Las Vegas Real Estate

A Guide to John S. Park, Las Vegas' Oldest Historic District

Designated as a municipal historical district protected from commercial interests, the 120-acre John S. Park neighborhood was one of Las Vegas’ original subdivisions developed between 1931 and 1956. The neighborhood is bounded by South Ninth Street, Charleston Boulevard, Franklin Boulevard, and Las Vegas Boulevard, which is just half a mile from The Strip. The neighborhood was added to the National Register of Historic Places in 2003. In 2010, the American Planning Association named it one of the 10 great neighborhoods in the country. 

For awhile, it was easy to know you’d entered John S. Park because of the miniature “Welcome to Downtown Las Vegas” sign. It may have been destroyed in an accident in 2016, but in true Vegas style the sign is getting an update. Luckily, the rest of the neighborhood is safe now that preserving Las Vegas neighborhoods is becoming a regular practice after John S. Park residents blocked the construction of a Titanic replica that would have destroyed the history of the neighborhood.

To get the full picture of how John S. Park has impacted Las Vegas history, there are several ways to take in the architecture of the neighborhood. Here’s our guide to the John S. Park neighborhood.


John S. Park includes two subdivisions featuring distinct designs: Park Place Addition, where Period Revival homes from the 1930s and 1940s have steep roofs, partial timber, and multi-pane windows; and Vega Verde Addition, where ranch style homes from the 1940s and 1950s have low-pitched roofs and broad facades.

The neighborhood also includes brick Cape Cod Cottages with accentuated front doors, slender columns, and side-gabled roofs, along with Neocolonial, Minimal Traditional, and Contemporary Ranch homes.

The Nevada Preservation Foundation runs home tours through a range of historic areas that are representative of the neighborhood. These tours include the Phoenix House, a renovated home made to look like the one that was destroyed by an exploding oxygen tank in 2011.

Things To Do

The best way to take in John S. Park is to walk the neighborhood and get acquainted with the historic architecture it has to offer. In addition to guided walking tours, Nevada Preservation Foundation also offers regular bike tours and other fun historical events in the area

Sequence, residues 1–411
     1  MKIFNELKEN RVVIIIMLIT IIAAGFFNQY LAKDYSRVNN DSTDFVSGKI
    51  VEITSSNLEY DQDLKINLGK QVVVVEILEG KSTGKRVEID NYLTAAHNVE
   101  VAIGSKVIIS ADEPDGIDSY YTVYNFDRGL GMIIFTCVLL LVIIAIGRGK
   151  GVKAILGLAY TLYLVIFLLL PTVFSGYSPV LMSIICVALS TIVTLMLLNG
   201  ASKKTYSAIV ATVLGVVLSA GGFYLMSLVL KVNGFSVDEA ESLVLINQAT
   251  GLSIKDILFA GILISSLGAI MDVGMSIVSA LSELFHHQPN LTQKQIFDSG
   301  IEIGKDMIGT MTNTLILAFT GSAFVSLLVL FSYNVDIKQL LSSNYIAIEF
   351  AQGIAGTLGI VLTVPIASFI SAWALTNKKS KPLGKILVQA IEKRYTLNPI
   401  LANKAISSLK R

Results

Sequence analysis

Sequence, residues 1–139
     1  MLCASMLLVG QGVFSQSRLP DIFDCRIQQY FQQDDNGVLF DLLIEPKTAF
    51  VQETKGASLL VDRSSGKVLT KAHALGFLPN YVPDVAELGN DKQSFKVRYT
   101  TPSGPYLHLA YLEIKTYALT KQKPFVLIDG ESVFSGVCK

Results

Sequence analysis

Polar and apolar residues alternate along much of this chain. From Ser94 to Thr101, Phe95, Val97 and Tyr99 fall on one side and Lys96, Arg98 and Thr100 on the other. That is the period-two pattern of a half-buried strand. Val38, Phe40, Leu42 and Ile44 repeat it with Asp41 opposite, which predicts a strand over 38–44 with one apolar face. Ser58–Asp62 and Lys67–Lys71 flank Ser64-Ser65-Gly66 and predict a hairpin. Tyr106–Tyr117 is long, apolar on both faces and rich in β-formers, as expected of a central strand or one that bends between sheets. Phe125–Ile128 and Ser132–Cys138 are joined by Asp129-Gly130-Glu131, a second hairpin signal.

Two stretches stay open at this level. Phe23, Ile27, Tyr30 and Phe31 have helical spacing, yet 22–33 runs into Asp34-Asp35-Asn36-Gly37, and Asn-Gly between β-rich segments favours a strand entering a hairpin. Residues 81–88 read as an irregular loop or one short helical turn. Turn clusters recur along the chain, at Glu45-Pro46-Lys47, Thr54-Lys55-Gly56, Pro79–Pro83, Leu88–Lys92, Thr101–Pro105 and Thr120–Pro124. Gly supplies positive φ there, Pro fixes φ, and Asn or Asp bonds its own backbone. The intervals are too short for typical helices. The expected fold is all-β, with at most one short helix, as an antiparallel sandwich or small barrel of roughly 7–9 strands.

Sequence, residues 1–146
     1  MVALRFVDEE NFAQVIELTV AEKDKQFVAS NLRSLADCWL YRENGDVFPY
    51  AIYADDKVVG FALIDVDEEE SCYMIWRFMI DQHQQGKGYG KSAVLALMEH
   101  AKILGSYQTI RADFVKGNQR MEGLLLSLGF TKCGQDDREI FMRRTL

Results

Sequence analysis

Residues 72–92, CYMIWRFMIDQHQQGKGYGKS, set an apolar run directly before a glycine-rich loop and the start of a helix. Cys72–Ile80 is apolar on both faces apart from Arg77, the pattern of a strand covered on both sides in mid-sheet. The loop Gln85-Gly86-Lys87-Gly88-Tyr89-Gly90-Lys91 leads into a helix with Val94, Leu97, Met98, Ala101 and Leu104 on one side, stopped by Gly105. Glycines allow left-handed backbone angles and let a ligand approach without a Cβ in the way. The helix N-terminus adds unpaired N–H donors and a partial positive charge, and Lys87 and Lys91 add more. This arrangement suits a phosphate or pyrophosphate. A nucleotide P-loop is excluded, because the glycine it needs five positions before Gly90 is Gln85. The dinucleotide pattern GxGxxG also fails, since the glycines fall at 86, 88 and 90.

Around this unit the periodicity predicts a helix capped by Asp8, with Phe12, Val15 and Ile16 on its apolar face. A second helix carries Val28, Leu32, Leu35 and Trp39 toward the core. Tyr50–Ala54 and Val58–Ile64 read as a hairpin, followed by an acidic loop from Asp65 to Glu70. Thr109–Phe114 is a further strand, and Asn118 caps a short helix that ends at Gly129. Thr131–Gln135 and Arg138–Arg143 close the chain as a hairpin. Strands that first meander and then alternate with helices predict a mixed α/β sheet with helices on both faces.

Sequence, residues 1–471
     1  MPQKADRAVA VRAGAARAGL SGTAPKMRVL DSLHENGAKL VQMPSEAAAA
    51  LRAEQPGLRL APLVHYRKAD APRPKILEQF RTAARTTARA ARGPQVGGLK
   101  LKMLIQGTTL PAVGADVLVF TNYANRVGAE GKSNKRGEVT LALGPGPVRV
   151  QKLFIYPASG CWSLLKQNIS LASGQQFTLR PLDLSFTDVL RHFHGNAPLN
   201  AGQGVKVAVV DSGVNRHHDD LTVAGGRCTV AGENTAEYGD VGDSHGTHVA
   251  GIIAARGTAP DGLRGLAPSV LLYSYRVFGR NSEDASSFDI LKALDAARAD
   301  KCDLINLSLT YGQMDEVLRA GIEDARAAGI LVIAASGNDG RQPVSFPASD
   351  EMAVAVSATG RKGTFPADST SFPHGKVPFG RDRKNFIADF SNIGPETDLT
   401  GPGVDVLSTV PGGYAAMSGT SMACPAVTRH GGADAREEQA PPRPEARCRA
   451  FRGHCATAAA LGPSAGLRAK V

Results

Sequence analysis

If you’re interested in taking your own walking tour of the neighborhood, this comprehensive and self-guided tour recommends that visitors start at John S. Park Elementary School. Along the way, check out the homes of some of Las Vegas’ earliest 20th century residents, where the oldest homes in the neighborhood on 5th Place were built as early as 1931.

John S. Park is also home to the famous A Little White Wedding Chapel, where lovers can get married in a drive-through. Established in 1951, the chapel has long been the revered location of celebrity vows. Paul Newman, Judy Garland, and Frank Sinatra are among the old guard who said “I Do” in the chapel back in the day.

Surrounding Areas

If you’re motivated to walk extensively in the historic neighborhoods of Las Vegas, Nevada Preservation Foundation recommends even more locations for visitors to explore, such as the Historic Westside School. Other historic neighborhoods adjacent to John S. Park include Beverly Green and Huntridge, while the Arts District and Downtown offer a wide array of bars, restaurants, casinos, and shopping options. Downtown is home to Atomic Liquors, Las Vegas’ oldest freestanding bar. There’s also the Smith Center, Las Vegas’ premiere performing arts center, which is just a short distance away. From the Las Vegas Philharmonic to “Hamilton”, the Smith Center may only be five years old, but it fits right into this vintage neighborhood.

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